If there is one aspect of collaboration that a mobile device should greatly excel at over a PC, it is communication. Mobile devices have two distinct advantages over desktop PCs. First, remote meetings can happen in diverse environments beyond my desk. I can be at home, in a conference room, or out on the road (just don’t do it while driving!) Second, for audio/visual communications, I never have to track down and use a clunky headset. A headset may be great for a voice call, but it is distracting for a business conference, especially ones of a sales nature. Mobile devices, specifically mobile phones, already have built in microphones that can be leveraged. As well, many of the newer smartphones have front facing cameras that make the addition of video a snap. Enterprises should take full advantage of the text, audio, and visual capabilities of mobile devices to maximize collaborative communication.
The most basic of collaborative communication is textual in nature. Organizations have leveraged instant messaging for many years. This paradigm has translated quickly to mobile devices due, in part, to the popularity of native text messaging. Quick, short messages are a natural fit for mobile devices. Instant messaging platforms are a great way to work via the concept of a real-time stream. They also keep transient chatter from otherwise cluttering email.
You are probably already very familiar with the consumer messaging clients, such as Yahoo, MSN, AOL, Facebook, etc. These are mature platforms that allow your network to include whomever you wish. However, if you want your enterprise to move beyond 1996, you’ll want to look at apps and services that are more enterprise- focused which integrate voice, video, and social networking.
For an on-premise option that is much more closely linked to your traditional concept of a corporate network, Microsoft Lync is an option. One advantage of an on-premise solution is that all communication can be kept behind the firewall. Another advantage of this type of system is that users don’t need to ‘join’ the network; they are already a de facto part of it due to their inclusion in Active Directory. The downside is that this type of platform required IT intervention and support.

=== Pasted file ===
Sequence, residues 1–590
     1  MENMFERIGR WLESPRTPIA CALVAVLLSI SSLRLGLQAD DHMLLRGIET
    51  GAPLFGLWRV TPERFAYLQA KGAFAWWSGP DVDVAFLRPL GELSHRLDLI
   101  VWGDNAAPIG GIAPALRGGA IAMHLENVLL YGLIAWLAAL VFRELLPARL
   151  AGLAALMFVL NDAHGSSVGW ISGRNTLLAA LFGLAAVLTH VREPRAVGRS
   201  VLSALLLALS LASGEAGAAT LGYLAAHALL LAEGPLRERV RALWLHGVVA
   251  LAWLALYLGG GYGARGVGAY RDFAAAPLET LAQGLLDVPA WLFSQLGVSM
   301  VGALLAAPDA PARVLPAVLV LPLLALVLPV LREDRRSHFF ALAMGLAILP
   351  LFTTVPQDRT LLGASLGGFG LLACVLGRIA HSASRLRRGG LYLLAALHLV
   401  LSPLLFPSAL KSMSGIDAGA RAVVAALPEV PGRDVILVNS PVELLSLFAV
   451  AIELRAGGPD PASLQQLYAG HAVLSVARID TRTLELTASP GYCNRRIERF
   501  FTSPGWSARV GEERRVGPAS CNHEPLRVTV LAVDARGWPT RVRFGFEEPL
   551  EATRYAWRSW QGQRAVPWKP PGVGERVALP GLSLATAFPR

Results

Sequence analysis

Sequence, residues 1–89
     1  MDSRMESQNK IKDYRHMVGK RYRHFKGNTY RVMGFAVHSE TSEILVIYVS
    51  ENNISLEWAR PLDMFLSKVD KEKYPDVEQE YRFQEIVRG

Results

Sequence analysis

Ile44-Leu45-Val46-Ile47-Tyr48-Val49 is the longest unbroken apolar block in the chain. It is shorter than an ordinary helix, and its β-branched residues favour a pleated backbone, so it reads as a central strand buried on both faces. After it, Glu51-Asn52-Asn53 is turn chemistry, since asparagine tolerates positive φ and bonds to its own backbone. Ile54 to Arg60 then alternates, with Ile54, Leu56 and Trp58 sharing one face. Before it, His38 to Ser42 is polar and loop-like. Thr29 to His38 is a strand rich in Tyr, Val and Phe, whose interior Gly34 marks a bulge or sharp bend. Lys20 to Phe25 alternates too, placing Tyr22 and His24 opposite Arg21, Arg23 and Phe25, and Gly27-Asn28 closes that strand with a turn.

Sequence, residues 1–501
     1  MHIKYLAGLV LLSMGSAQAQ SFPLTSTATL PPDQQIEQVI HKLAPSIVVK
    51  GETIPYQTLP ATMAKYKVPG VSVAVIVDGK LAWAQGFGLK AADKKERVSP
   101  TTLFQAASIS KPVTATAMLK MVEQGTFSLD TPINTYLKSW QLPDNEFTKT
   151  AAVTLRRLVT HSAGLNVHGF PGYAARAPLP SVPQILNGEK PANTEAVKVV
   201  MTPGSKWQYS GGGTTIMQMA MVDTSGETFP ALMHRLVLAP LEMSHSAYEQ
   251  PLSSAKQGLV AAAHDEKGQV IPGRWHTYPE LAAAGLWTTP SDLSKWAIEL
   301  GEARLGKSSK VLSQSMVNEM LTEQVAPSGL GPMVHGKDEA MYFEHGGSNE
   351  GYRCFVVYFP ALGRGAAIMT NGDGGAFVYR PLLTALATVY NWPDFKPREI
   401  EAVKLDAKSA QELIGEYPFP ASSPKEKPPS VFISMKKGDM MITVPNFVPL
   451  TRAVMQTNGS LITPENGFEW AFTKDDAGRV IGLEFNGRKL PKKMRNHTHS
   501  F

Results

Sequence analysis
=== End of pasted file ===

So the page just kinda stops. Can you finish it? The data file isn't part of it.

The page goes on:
If you don’t want the weight of an on-premise solution, services such as Yammer and Chatter are cloud based options that have an enterprise focus. These cloud services are aligned with the Consumerization of IT trend. They can be quickly and easily set up by the average user without the support of the IT department. These types of services have a more ‘social’ feature set that allows for dynamic groups and feeds. However, one drawback to a cloud based service is having to sign up for ‘yet another social platform’. Single Sign On services can be leveraged, but that increases the complexity of deployment.
The trifecta of mobile collaboration lies in the combination of text, voice, and video. This gives users the option to instantly come face to face with peers and clients across the globe. Through platforms, such as Fuze, WebEx, and Adobe Connect, users are able to engage real-time with participants. They are able to share PowerPoint presentations, Documents, Pictures, and white-boarding sessions. Participants can, in return, respond by sharing and marking up content on the fly. These platforms provide powerful mechanisms to engage in ways that just a few short years ago required expensive and stationary equipment.
There are many collaborative communication options available for enterprise use with mobile devices. Many of the apps and services out there offer a lot of the same functionality. My advice on how to select the right platform for you is to look at your network requirements coupled with knowing what, if any, platform your users already are using. If you have strict network security requirement then a cloud service is probably not going to be an option for your organization. Do you need to support federated domains? – then perhaps Lync is the platform for you. Perhaps your company is already leveraging a platform such as salesforce. If so, a solution like Chatter would be a logical choice. Or perhaps your company is building a completely cloud based ecosystem; then Yammer might make sense. The further the proliferation of mobility in the enterprise, the more exciting options we’ll see being used on a regular basis. How is your enterprise leveraging mobile for effective collaboration? Post a comment and let me know!
Benjamin Robbins is currently a Principal at Palador, a firm that focuses on providing strategic guidance to enterprises in the areas of mobility, apps, and data. You can follow him on Twitter. Mr. Robbins resides in Seattle and blogs regularly at http://www.remotelymobileblog.com